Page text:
Recommended children's booklists sorted by age or topic

Home > Blog > Autumn 2018: Non-Fiction Round-Up

Autumn 2018: Non-Fiction Round-Up

Following on from our very popular Ones To Watch round-up of top fiction titles this term (available here), we bring you some of the most exciting non-fiction titles publishing in September and October.


1. Hello World: Animals

Nicola Edwards (author) & L’Atelier Cartographik (illustrator)

Books with maps and atlases are always popular and this compendium of animals is bound to go down a storm with teachers and young readers alike. Featuring over 180 animals from around the globe, this lift- the-flap animal atlas showcases the wonderful variety of wildlife on our planet.


Little fingers will keep busy interacting with the flaps that reveal the natural habitats of animals living in different countries. In addition to the small flaps belonging to each individual animal, there are also larger ones to occupy curious minds with nuggets of information including life cycles, migratory journeys and weird and wonderful facts relating to animals from different countries.


Each double-page spread covers a different continent and is bursting with information about fascinating creatures living in various habitats. Sometimes the book needs to be turned 180 degrees to view a new continent, adding further interaction and building to the sense of variation and contrast between different places. Nonetheless the book remains sturdy enough to withstand its pages and flaps being used time and time again.


This is a colourful and appealing introduction to the wonderful world of animals and the kind of book to which children will enjoy returning over and over.


Publisher: 360 Degrees

Publication date: 1st September 2018


Order Hello World: Animals here.


2. The Beetle Collector’s Handbook

M.G. Leonard (author) & Carim Nahaboo (illustrator)

Beetle mania returns as M.G. Leonard (author of the popular Beetle Boy trilogy, available here) brings a new colour compendium of all sorts of beetles.


This is no ordinary entomology guide, though. As well as being packed with facts about over 50 types of beetles, information about life as a bug researcher, a guide to beetle-hunting and a useful glossary, this guide also contains the handwritten annotations and hilarious asides by Beetle Boy hero Darkus Cuttle.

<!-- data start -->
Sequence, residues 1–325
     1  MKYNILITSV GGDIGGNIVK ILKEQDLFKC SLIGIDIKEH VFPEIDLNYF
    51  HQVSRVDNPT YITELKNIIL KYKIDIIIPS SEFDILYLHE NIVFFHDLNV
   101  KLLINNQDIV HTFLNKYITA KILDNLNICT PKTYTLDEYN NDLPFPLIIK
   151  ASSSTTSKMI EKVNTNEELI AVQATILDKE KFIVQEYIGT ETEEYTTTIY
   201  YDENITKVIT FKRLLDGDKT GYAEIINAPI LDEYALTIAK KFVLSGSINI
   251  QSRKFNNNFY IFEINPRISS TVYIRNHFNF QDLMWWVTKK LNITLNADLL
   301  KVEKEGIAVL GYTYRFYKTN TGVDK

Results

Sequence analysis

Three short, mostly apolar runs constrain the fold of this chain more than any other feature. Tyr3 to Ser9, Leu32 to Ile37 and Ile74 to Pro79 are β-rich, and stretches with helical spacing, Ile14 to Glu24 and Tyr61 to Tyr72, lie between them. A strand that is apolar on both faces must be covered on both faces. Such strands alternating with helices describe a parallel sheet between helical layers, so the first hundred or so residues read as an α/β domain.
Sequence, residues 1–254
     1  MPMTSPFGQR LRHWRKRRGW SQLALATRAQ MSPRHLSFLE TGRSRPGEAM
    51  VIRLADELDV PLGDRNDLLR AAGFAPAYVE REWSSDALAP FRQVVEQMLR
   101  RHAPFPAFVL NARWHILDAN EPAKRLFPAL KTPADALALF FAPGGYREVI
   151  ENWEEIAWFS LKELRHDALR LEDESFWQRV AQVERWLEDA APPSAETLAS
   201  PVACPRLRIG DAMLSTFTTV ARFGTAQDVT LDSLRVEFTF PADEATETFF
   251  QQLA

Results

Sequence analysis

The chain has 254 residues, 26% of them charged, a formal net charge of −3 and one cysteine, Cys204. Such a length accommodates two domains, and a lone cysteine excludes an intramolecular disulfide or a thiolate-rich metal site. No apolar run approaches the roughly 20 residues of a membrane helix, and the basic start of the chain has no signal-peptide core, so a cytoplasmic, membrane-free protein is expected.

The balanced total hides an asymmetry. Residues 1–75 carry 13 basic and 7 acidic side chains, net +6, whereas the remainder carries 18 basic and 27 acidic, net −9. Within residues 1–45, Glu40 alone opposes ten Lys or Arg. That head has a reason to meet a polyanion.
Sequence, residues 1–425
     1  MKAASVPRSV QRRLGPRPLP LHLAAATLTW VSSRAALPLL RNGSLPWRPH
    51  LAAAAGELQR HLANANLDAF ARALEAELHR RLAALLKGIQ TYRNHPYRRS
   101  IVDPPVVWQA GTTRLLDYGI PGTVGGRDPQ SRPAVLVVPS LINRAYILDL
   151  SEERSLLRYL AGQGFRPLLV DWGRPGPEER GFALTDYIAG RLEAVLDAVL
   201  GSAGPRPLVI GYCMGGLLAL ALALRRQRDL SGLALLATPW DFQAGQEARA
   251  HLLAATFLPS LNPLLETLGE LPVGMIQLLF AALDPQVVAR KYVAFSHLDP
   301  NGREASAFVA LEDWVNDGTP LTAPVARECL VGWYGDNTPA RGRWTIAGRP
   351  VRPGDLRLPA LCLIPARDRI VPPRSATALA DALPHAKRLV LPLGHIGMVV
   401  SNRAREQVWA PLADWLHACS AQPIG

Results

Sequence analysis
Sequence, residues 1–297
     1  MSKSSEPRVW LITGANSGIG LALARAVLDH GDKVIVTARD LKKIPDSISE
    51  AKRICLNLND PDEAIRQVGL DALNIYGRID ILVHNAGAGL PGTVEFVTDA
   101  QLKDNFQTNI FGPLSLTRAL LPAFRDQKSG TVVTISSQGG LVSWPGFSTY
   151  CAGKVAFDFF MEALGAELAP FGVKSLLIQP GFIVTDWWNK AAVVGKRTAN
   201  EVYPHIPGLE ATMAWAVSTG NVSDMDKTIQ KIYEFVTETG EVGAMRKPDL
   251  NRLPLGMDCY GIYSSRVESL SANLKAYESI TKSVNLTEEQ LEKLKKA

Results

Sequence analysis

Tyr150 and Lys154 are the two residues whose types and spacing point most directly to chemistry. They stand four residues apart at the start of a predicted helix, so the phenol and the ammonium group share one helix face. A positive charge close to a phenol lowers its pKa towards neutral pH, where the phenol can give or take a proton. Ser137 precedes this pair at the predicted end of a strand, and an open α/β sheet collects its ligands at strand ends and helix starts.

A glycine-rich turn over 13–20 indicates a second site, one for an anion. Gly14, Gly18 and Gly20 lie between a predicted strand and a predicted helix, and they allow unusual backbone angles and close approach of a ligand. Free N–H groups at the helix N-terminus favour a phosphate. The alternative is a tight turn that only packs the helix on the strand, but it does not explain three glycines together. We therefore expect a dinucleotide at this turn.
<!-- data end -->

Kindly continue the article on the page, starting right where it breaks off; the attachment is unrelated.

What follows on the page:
What is most striking in this handbook is the enormous variety that exists between different types of beetles. Many beetles have their own unique and impressive features; from those who feed on decaying flesh (like the burying beetle), to those who can lift 850 times their own weight (like the Rhinoceros beetle), to those with a head shaped like Salvador Dali’s moustache (like the giraffe-necked weevil).


The best types of non-fiction book make the reader feel excited about exploring the topic and when you read this one you can’t help but to catch some of M.G. Leonard’s wonderfully infectious enthusiasm for the world of beetles.


Publisher: Scholastic

Publication date: 6th September 2018


Order The Beetle Collector’s Handbook here.


3. Once Upon a Raindrop: The Story of Water

James Carter (author) & Nomoco (illustrator)

Publishers are spoiling us at the moment with a wealth of non-fiction titles for children that are presented with creativity and a high visual appeal. Once Upon a Raindrop: The Story of Water by James Carter and Nomoco immerses the readers into the wonderful world of water; from the tiny raindrops that drip and drop onto hills to the waves roaring mightily in the oceans and then to the wispy evaporations of steam and clouds.


More than a simple explanation of the water cycle, this book uses gentle and poetic verse to evoke the transient flow of water through its different forms, accompanied by swirling, meandering watercolour illustrations. Sometimes the shape and sizes of the words on the page seamlessly blend with the images to further bring life to the poetry.


The book is certainly informative when it comes to learning about water, but also offers something more. The gentle poetry of the words, the elegant illustrations and the high quality production of the book itself work together to pass on a key message about the beauty and importance of water as a life-giving element.


Publisher: Caterpillar Books

Publication date: 6th September 2018


Order Once Upon a Raindrop here.


4. Peace and Me

Ali Winter (Author) & Mickaël El Fathi (Illustrator)

Peace and Me is an illustrated hardback book celebrating 12 different recipients of the Nobel Peace Prize. Endorsed by Amnesty International, the book uses the lives of each featured prize winner to explore the topic of what peace means to different people.


Each double page spread is dedicated to a different inspirational figure, including Martin Luther King Jr., Malala Yousafzai, Nelson Mandela and Wangari Maathai. Aside the accessible and informative blocks of text, each page also includes Mickaël El Fathi’s stunning illustrations filled with deep colours and rich textures. For each figure, the repeated line “Peace is…” is completed to explore how they individually understood and advocated for peace.